This week’s “For Your Renting Pleasure” includes a remake/reimagining and a sequel, Dredd and Men In Black 3, both disappointing for numerous reasons. [Read more...]
Not to age my dad or anything, but westerns are a very generational thing. Heck, the last time I really watched a western by choice was when I became obsessed with one scene in McLintock! after accidentally opening the gifted VHS copy meant for my dad on Christmas as a child. And in all honesty, if it wasn’t for last year’s ridiculously addictive video game Red Dead Redemption, the trailer for True Grit probably wouldn’t have peaked my interest as it did. Well, it may not have all the violence, horse racing and addictive Oregon Trail hunting, but True Grit still manages to reach a larger audience than just those who were alive for the John Wayne original.
The looser laws of the Wild West create the perfect setting for a classic story of good old revenge, which is exactly what we have here. The difference is this story’s point of view doesn’t come from a hardened, stiff-jawed gunslinger. As a 14-year-old Mattie Ross may not be able to stay standing after firing a pistol, but she is just as strong willed as the men she comes across, with the determination necessary to hunt down the man who guiltlessly gunned down her father. [Read more...]
The latest from the Coen Bros., True Grit, is their least odd and most straightforward film to date but there is still plenty of weirdness, laughs, and amazing performances that we expect from these guys in this great film.
The film is not a remake of the 1969 John Wayne film of the same name but is instead a re-adaptation of the Charles Portis source novel from 1968. The Coen’s wanted to do this to put the point of view back through Mattie’s eyes and re-instill some of the humor in the novel. The result is fantastic as the film is surprisingly (though not really, it is a Coen Bros. movie after all) hilarious; especially considering the tone of the TV spots I have seen. The film also delivers on the tone it is selling though and features heart pumping moments and plenty of drama.
The story follows the fore mentioned Mattie as she recruits a local U.S. Marshal, Rooster Cogburn, to hunt down and capture the man who killed her father in cold blood. [Read more...]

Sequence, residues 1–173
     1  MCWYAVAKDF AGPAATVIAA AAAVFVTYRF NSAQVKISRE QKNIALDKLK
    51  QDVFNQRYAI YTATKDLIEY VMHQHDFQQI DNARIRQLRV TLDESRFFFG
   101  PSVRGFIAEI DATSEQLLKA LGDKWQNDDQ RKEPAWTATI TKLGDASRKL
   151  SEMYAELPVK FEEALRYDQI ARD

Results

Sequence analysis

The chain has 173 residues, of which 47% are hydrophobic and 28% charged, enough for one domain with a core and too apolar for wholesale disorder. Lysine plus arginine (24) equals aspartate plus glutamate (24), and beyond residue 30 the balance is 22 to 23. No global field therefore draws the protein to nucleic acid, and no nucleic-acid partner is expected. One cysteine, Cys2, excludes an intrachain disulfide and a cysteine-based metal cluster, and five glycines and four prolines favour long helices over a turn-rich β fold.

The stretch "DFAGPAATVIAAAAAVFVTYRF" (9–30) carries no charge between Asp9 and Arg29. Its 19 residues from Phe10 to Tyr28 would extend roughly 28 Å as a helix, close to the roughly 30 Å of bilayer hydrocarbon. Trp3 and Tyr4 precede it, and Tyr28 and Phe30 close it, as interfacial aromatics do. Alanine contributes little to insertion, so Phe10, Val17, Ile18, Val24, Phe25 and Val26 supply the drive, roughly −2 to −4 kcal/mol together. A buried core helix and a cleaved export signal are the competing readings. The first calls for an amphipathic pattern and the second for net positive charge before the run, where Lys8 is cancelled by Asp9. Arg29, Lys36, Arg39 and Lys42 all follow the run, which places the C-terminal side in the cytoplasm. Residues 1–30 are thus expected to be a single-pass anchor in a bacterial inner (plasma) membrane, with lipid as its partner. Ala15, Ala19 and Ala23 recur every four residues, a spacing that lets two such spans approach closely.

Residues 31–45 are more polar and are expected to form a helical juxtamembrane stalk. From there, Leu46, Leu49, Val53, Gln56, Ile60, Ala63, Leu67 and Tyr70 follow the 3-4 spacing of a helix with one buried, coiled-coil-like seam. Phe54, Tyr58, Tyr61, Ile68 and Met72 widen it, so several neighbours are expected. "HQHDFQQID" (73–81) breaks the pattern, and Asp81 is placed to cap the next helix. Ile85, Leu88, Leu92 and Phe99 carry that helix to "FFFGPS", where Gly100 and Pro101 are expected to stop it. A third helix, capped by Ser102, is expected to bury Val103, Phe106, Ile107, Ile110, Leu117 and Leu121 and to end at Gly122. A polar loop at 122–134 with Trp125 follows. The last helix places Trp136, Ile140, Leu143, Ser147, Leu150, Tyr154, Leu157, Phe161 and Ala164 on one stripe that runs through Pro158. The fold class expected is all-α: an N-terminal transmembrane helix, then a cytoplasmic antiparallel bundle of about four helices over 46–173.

Hex is a Confederate soldier of some rank but when he turns on his regiment and shoots his best friend dead the Confederate General Turnbull, and father to Hex’s best friend, hunts Hex down, murders his family, and leaves him for dead with a brand on the face to remind him of who did this to him. We are then given a quick rundown of the next few beats in Hex’s life, Turnbull apparently dies, and Hex is left as a supernatural bounty hunter who can briefly resurrect the dead with his touch. As he reeks havoc on the outlaws he hunts, a bounty is in turn put on Hex and the hunter is also the hunted. As Hex tries to earn his keep and stay alive Turnbull turns up alive and constructing a secret military weapon and the president recruits Hex to hunt down his nemesis and save the country.
Gus Van Sant’s latest is another great film for the director and is one of the best biopics in recent memory.
Harvey Milk (Sean Penn) was a closet homosexual in New York in the early seventies, picking up men on the Subway, one of which happens to change the direction of his life. Upon picking up Scott Smith (James Franco) on the eve of his fortieth the two bond and decide to move California and settle in the Castro district of San Francisco which was quickly becoming the gay hub of the city. Upon opening their own camera shop, deters to their shop because of their sexual orientation prompt Milk to become politically active at trying to get favorable treatment and rights acknowledged for openly gay people in San Francisco. As he builds his campaign, more and more fresh faces begin coming into his camera store/campaign office, and while originally unsuccessful, Milk quickly becomes one of the most respected voices for the gay cause in San Francisco. [Read more...]
The Coen Bros. return after a three year hiatus with a return to their crime/thriller roots that made them famous in the first place. An adaptation of the Cormac McCarthy novel of the same name, it is one part reflection on our disintegrating society and one part cat and mouse chase thriller, with the cat and mouse part working beautifully. [Read more...]
Keys to a great movie? Ridley Scott, check. Denzel Washington, check. Russell Crowe, check. Larger than life and wouldn’t believe it if it wasn’t true story, check. Now all of these are thrown into one movie, and what comes out is absolutely fantastic. I do not have a single complaint about this movie and can not recommend to you enough to see it. But it was missing just that little something to make it special and absolutely amazing. [Read more...]